And, of course, there is always disease. Either of the infectious variety, or brought on by age. Like humans, deer can also be subject to various age-related maladies, such as malignant tumors. But unlike us, they don’t have available to them hospice or other end-of-life care, which can include such things as a quiet, safe sanctuary and painkillers.

    All that said, I don’t think there is any one option that will work in all areas. Hunting or lethal culling might work quite well in some areas. But it might not be feasible in others — given the inherent hazards of gunfire or archery — or the risk of offending the delicate sensibilities of those who might not wish to witness deer being killed.

    The suggestion of setting wolves loose in densely human-populated areas is non-sensical, and likewise, coyotes might be too problematic, in terms of conflicts with human interests.

    However, in some instances, a more low-key, lone and shy predator species — such as cougars — could be an option.

    In still other instances, administering birth control might work quite well.

    Or, a combination of methods might be applied, again, depending upon circumstances and variables — the proximity to human settlement and agriculture being only one of many.

  3. […] Deer in Rock Creek Park. […]

  4. Perhaps immunocontraception, short of sterilisation, is just as malicious as a massacre. who is the ‘overpopulation’ a problem for? perhaps the deer know how to manage themselves.

  5. Mrs. Lomez. Deer don’t know how to manage themselves. They know how to eat, compete with other deer and other species for resources, and reproduce.

    Therefore, some population control will be in order. And in the absence of hunting by humans or four-legged predators, contraception or sterilization might be a viable option.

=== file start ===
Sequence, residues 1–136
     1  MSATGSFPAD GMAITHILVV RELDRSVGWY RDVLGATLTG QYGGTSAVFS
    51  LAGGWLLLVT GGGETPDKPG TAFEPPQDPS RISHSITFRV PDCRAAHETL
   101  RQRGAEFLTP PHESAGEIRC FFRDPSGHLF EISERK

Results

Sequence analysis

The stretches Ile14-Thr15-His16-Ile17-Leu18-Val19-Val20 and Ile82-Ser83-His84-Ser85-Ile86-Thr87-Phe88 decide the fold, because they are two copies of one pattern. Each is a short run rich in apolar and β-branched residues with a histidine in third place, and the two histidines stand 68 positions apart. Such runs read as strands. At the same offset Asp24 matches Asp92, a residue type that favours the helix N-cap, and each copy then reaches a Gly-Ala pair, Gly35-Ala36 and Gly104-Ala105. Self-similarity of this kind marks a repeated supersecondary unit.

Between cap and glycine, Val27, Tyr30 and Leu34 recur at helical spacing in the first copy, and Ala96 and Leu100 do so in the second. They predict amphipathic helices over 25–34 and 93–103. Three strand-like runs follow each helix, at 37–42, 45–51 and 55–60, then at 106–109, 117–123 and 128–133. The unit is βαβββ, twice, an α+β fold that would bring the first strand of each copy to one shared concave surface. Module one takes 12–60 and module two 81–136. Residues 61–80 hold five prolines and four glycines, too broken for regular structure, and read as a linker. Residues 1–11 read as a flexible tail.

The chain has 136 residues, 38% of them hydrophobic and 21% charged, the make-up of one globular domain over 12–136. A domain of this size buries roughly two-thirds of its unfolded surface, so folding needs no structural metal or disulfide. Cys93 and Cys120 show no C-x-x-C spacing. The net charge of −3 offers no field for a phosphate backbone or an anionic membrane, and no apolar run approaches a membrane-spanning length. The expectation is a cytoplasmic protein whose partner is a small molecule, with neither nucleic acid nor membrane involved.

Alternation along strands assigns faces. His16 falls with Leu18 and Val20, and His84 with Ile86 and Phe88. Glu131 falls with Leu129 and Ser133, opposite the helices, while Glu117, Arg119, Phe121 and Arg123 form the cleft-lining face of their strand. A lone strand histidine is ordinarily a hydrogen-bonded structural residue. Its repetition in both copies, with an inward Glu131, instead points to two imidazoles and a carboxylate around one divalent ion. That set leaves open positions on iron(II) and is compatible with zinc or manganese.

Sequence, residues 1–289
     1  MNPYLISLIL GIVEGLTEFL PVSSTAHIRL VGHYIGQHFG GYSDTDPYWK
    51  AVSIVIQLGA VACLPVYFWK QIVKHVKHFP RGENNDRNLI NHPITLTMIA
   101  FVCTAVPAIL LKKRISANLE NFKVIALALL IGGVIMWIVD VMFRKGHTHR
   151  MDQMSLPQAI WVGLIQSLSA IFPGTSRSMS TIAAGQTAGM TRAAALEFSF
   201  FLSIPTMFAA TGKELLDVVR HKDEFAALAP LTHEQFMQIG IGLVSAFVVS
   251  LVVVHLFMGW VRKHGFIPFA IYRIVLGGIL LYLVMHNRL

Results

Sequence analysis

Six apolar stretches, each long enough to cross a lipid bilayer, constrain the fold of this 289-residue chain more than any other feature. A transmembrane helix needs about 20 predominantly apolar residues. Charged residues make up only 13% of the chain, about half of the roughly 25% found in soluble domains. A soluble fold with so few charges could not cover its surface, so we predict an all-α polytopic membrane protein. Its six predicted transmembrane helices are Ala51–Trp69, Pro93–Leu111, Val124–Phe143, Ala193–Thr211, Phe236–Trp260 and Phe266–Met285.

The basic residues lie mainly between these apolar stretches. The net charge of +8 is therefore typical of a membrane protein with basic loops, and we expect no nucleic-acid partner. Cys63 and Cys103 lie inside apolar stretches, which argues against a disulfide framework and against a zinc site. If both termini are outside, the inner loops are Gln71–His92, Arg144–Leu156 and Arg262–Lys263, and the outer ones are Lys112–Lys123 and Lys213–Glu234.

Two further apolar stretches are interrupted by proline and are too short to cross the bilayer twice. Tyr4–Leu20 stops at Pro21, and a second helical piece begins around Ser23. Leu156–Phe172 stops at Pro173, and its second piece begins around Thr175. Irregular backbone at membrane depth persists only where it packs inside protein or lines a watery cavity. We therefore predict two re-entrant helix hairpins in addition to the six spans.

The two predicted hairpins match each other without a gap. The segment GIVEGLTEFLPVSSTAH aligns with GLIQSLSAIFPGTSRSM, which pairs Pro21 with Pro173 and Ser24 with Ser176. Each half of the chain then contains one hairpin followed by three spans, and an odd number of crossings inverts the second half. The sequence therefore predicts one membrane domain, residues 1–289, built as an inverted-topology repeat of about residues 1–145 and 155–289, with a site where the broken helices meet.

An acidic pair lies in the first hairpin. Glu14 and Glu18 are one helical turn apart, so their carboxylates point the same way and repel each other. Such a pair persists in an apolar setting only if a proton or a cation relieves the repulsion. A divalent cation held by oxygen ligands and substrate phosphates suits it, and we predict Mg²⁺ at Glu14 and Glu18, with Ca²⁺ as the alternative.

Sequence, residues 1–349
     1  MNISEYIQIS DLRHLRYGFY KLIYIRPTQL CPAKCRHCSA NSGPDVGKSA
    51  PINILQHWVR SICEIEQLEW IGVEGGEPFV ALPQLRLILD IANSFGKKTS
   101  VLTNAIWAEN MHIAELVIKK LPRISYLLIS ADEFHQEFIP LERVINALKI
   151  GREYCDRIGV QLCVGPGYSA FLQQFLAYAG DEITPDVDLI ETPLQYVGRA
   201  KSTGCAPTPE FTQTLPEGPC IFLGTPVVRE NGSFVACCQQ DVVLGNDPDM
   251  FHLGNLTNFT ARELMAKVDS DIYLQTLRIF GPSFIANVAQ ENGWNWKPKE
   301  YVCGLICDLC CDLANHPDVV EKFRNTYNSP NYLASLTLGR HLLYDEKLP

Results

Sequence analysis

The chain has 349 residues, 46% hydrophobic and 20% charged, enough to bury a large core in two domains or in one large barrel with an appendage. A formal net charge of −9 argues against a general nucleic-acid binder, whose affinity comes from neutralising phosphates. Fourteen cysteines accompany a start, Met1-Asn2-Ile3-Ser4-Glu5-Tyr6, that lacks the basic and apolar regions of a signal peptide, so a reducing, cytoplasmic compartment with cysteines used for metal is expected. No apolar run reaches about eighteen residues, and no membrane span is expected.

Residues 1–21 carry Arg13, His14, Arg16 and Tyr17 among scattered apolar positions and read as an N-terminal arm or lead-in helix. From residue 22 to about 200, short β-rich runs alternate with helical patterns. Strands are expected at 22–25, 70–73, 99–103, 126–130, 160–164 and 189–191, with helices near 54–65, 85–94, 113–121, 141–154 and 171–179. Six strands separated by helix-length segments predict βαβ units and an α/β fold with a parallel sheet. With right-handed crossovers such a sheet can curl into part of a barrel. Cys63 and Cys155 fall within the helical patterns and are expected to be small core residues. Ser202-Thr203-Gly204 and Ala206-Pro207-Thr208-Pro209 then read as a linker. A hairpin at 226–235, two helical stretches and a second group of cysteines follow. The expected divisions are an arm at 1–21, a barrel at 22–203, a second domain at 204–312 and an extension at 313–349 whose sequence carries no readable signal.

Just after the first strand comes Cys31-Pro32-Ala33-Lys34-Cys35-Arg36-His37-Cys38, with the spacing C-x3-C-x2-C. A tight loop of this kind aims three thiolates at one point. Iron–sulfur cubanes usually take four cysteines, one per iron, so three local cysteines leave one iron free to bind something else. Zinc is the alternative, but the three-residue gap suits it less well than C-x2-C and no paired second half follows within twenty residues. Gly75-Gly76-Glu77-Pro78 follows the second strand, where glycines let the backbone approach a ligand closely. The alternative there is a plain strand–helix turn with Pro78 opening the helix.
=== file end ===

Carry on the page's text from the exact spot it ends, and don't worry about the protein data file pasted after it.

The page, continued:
However, you also touch on a good point — that being, urban and suburban sprawl encroaching on wildlife habitat.

    Being a resident of the West — where it’s common practice for people to come out and build trophy homes in snazzy subdivisions or their own private acreages — I’ve long thought, how much better the balance would be, if everybody could simply settle for buying or building a house in town, and leave the countryside for agriculture and wildlife.

    Besides, such trophy homes and acreages are often the first victims of natural events, such as fires or floods — as evidenced most recently by wildfires gobbling up fancy houses on the sprawling outskirts of Colorado Springs (where my father and uncle grew up, when it was still a nice, quaint small city.)

  6. I am totally in favor of nonlethal methods – especially given all the misconceptions about deer “overpopulation”. it is simply gratuitous killing masked as a necessary evil. It’s not – Its just evil.

  7. Provoked, nature sees no evil in killing and death. In fact, death is the fuel that drives nature.

    And deer very well can — and in some instances do — become overpopulated — to the grave detriment of the ecosystem, other species, and themselves.

    That said, nonlethal methods, such as contraception, might very well be a fine and perfectly logical idea in some places, while not so much in others.

  8. John T. Mayer: I believe you are correct. But reintroductions are not needed; merely the cessation of coyote suppression could be enough to permit and enable a natural balance. Lee Hall, JD (developed legal strategy for the Valley Forge case, Friends of Animals v. Caldwell).